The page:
Please join the campaign the SPD Foundation has begun to urge Oprah in this, her last season, to devote a show to sensory processing disorder, a condition that affects 1 in 10 children: HOW TO WRITE TO OPRAH.
Her recent show on a boy with multiple issues including SPD probably left many with some false impressions about sensory processing disorder which I’d like to clear up here:
SPD is not treatable with medications. There are NO pharmaceutical drugs that treat sensory issues. The gold standard of treatment for SPD is occupational therapy by a sensory smart occupational therapist combined with home follow through. Adjunct therapies can help reduce anxiety and stress that go along with SPD.
SPD causes anxiety and stress responses such as anger but kids with SPD are not necessarily violent toward others. Abnormal sensory processing can cause a child to go into a fight-or-flight panic response to everyday sensations that the rest of us take for granted. Quite often, they go into “flight” and become anxious or withdrawn. Other times, they go into “fight” and fearfully lash out in order to protect themselves from the danger they perceive. They may actually harm themselves when in a “fight” condition. At the same time, what LOOKS like violence may simply be sensory seeking. We’ve seen our kids hit objects or people thinking they’re simply starting a gentle game of tag, or bite or lick a person or object to alleviate their oral sensory needs–no anger involved.
Sensory Processing Disorder can appear with other conditions or on its own. It’s very common to have SPD and ADHD, or SPD and autism, or sensory processing issues and developmental delays or learning disabilities. A child may have sensory processing disorder and food intolerances, or mental illnesses, or emotional maturity…the list goes on. However, a person can have sensory processing disorder and no other diagnosed conditions.
Please help us educate the masses about sensory processing disorder. It only takes a few minutes to write to Oprah and her producers and request a show devoted to sensory issues!
Join the Facebook page to urge Oprah to do a show on Sensory Processing Disorder. Pass it around–tweet it, put it up as your Facebook status, ask your friends to “like” the page. 1 in 20 children are affected–when will we get some mass media coverage???!
While sensory kids can benefit from wearing a heavy backpack because of the deep pressure input (also known as proprioceptive input) it provides, and certainly proprioceptive input needs to be part of a sensory diet at school, a too-heavy backpack is a problem. Because our kids often have organizational issues, they can end up overloading their backpacks with items they don’t need, causing muscle strain. AOTA, the American Occupational Therapy Association, offers these tips for National Backpack Awareness Day: TIPS.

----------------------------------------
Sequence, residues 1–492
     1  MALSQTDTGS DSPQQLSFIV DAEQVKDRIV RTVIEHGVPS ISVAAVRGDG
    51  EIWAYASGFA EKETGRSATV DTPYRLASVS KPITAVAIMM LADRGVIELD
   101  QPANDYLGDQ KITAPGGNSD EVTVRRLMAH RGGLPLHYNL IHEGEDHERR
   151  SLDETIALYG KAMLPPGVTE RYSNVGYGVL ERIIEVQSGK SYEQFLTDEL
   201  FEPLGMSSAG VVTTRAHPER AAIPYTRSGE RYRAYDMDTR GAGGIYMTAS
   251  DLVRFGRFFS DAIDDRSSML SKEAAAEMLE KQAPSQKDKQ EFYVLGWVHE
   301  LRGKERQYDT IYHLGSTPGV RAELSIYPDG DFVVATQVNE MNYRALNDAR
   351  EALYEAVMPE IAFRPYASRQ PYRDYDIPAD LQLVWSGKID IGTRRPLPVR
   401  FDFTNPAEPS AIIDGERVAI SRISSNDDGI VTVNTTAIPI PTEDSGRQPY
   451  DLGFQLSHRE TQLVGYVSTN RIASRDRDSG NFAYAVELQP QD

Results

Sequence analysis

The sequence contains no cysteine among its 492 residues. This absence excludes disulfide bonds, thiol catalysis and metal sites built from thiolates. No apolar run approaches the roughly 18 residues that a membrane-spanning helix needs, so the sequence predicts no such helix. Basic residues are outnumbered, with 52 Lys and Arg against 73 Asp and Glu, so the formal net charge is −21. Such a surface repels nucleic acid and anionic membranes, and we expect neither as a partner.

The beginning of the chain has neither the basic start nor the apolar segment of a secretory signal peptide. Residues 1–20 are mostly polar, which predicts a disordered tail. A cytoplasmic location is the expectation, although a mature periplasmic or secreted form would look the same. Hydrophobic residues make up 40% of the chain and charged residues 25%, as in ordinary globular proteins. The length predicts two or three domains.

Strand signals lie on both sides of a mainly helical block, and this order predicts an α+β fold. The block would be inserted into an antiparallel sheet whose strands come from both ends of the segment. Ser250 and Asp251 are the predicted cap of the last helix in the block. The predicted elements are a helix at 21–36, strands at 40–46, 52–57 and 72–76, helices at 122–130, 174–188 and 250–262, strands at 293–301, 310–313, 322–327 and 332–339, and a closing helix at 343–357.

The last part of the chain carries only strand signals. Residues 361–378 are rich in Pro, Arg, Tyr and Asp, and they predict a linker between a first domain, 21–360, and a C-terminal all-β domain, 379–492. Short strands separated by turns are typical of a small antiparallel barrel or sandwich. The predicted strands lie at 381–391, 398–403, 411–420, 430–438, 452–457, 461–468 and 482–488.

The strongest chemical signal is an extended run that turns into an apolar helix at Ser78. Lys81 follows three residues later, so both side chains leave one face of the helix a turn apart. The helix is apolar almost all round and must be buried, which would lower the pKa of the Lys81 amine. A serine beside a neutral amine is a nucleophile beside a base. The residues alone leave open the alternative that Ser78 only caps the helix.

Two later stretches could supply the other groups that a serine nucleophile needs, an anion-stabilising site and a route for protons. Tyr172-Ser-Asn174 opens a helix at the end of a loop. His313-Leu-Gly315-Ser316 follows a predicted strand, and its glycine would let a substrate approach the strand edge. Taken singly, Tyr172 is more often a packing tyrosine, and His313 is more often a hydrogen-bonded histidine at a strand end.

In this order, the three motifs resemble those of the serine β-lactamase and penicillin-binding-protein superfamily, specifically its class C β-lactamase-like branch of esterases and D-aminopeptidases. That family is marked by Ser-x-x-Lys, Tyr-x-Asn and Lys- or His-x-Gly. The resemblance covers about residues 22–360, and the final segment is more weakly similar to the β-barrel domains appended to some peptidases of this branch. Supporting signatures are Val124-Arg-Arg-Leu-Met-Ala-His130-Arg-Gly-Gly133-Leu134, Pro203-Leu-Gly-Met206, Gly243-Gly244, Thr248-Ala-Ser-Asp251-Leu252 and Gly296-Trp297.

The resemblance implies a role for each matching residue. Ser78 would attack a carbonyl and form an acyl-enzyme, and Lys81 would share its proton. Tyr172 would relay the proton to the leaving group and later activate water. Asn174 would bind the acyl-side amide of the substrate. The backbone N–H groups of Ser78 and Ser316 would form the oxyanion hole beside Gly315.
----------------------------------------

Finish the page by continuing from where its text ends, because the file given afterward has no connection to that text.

Keep in mind that a rolling backpack may be your best option.
Backpacks and ruckpacks rule: No more than 15 percent of body weight
Filed under backpacks, heavy work, organizational issues, Practical tips for sensory issues, proprioceptive input, schools, sensory diet, sensory diet at school, sensory integration dysfunction, sensory processing disorder, sensory processing disorder in the news
This study on children with autism showed that their sensory processing is slower and they take longer to manage and sort through multisensory stimulation. I believe that as we learn more about the brain and its functioning, we’ll better understand sensory processing disorder.
Does your child with SPD have difficulty with background noise and distractions? Does she hyperfocus to get away from stimuli?
Here is another wonderful news piece on SPD, this one featuring mom Hartley Steiner, author of This is Gabriel Making Sense of School. I am hoping that the more coverage we get on sensory processing disorder, the sooner these kids will get the help they need! Apparently, the legitimacy of being considered for inclusion in the DSM-V which identifies (and provides diagnosis codes for) psychological diagnoses has finally caused SPD to grab the attention of the media. About time! 🙂
I love her description of OT for sensory issues as “the difference between my family functioning or not functioning”! We are NOT talking about mild sensory preferences or sensitivities but full-fledged sensory processing disorder where sensory issues interfere with activities of daily living and require intervention.